Future Fords to be ‘more American’, Focus getting the axe

Ford is leaning into its American heritage and concentrating on SUVs and utes in Europe, which will also spell the end of the Focus.

Automotive News Europe reports Ford of Europe will reposition itself as a more American brand, even as it readies two electric crossovers based on Volkswagen’s MEB architecture, in the pursuit of greater profitability.

“We are seizing the opportunity to completely reposition ourselves,” said Ford’s marketing chief in Germany, Christian Weingaertner.

“Our future models are more American, and from 2030 they will all be electric.”

“There is no more ‘plain vanilla’ with us,” he added, noting the company is pursuing greater profitability rather than higher volumes. Ford is also transitioning to an agency sales model in Europe.

It’ll launch the Bronco in select European markets in 2023, start production of the two MEB-based models in the same year, and end production of the Focus in 2025.

The Fiesta and Focus have already been discontinued in Australia, with the company citing supply issues. Both had been whittled down to sporty ST variants only.

Even as it edges towards its goal of an EV-only line-up, Ford of Europe will still offer the Ranger Raptor and Mustang.

As previously reported, the Fiesta will end production in 2023, with customers instead directed to the Puma. The latter will gain an electric version in 2024.

The move to higher-margin SUVs echoes a similar move in the North American market, where over the past few years Ford has dropped the Fiesta, Focus, Fusion (aka Mondeo) and Taurus, leaving only the Mustang and GT in the Blue Oval brand’s passenger car line-up.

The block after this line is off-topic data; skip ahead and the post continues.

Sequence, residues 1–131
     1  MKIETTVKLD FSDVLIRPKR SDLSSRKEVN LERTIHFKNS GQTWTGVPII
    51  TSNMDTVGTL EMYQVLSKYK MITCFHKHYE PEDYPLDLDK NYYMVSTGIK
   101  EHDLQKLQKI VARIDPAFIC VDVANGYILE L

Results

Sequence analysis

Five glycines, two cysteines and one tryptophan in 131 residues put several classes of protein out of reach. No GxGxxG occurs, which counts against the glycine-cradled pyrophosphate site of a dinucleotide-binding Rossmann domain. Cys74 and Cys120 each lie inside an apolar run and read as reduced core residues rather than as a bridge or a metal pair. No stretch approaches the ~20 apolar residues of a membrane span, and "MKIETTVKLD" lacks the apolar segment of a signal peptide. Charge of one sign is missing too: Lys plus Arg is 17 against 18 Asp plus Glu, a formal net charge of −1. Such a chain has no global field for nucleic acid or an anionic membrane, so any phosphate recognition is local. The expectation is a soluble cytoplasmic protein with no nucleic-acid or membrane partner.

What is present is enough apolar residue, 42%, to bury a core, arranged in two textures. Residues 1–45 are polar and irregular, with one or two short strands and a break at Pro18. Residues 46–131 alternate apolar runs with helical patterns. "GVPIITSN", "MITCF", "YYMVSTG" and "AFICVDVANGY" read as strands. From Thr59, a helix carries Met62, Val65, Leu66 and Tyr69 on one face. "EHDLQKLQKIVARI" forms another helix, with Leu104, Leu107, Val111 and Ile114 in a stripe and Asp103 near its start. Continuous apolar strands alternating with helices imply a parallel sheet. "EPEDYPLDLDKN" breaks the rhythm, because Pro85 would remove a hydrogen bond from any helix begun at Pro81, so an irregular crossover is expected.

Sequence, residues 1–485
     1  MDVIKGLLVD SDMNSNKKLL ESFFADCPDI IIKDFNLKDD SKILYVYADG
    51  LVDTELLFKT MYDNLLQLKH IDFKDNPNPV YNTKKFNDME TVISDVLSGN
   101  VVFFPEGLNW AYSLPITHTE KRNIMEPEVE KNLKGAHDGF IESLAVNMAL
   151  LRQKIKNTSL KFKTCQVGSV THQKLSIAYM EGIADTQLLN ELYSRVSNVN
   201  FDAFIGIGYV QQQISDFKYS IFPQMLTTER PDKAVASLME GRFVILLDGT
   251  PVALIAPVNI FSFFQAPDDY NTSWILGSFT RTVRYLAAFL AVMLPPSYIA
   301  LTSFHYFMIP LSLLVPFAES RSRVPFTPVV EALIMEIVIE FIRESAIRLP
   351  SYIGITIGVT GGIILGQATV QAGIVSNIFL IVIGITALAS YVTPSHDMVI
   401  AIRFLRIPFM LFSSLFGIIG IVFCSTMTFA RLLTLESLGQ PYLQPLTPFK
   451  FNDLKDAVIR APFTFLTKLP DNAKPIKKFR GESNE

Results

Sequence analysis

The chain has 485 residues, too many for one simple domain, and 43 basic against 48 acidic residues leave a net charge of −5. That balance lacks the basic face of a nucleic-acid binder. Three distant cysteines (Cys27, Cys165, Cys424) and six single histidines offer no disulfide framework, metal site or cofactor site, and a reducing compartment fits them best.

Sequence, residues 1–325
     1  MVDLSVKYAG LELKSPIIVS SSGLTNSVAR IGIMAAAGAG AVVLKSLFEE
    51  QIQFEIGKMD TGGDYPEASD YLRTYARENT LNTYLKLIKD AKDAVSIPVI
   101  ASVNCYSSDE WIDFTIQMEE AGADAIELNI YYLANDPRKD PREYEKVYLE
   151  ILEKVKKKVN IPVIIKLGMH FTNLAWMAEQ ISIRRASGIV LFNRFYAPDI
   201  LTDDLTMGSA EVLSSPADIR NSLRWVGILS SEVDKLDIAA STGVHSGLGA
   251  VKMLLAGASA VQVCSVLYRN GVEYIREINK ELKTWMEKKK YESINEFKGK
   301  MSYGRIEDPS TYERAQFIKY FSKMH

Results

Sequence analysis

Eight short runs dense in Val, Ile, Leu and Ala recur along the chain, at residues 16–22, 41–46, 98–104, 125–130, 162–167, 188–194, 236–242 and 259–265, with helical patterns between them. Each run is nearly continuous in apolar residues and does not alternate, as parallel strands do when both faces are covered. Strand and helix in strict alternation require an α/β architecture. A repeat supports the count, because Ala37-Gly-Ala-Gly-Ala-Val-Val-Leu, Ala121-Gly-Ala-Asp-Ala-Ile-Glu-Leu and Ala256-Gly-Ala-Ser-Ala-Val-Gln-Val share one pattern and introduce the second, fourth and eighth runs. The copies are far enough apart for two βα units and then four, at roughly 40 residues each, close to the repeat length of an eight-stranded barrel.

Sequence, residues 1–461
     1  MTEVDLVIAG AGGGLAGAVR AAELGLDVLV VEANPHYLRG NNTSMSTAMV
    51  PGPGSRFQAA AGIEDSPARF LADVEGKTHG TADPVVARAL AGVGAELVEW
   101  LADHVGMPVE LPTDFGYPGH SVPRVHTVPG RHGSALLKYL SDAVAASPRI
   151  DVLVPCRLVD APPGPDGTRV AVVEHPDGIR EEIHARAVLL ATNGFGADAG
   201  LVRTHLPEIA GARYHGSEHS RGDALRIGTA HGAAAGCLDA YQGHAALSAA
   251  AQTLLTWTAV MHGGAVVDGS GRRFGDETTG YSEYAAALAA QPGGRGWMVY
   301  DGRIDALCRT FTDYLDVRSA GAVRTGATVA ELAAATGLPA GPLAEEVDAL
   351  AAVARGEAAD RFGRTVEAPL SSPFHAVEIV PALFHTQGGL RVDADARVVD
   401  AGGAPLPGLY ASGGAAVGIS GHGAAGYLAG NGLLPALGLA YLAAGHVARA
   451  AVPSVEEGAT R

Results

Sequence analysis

Ford has also rolled out new models like the Maverick ute and Bronco Sport crossover.

In Europe, it’ll market its vehicles with the slogan “Adventurous Spirit” which it says stands for the American values of “freedom, outdoors and adventure”.

While Ford has had some profitable quarters in Europe over the past couple of years, its performance hasn’t been consistent.

It also has only one brand in Europe, and Automotive News Europe notes its smaller scale means it faces higher costs due to the lack of economies of scale afforded to rivals like Stellantis, but can’t price its vehicles above the competition.

According to industry association ACEA, it had a 4.7 per cent share of the European passenger car market in the first 10 months of this year, compared to 24.6 per cent for the Volkswagen Group and 18.8 per cent for Stellantis – both of which have considerably more brands, including premium ones.

Vans aside, Ford Australia currently sources only two vehicles from Europe: the Puma and Escape. The latter is known as the Kuga there and is a twin to the North American Escape, which is close to being outsold by the Bronco Sport.

While Ford is culling its passenger car line-up in markets like Europe, North America and Australia, its Chinese operations are running on a different track.

It offers both the Focus and Escort small sedans, as well as a new generation of Mondeo that’s also sold in the Middle East as the Taurus.

The Mondeo has a higher-riding counterpart in the Evos, while Ford China also sells unique SUVs in the shape of the Territory, Equator and Equator Sport in addition to global models like the Explorer and Escape.

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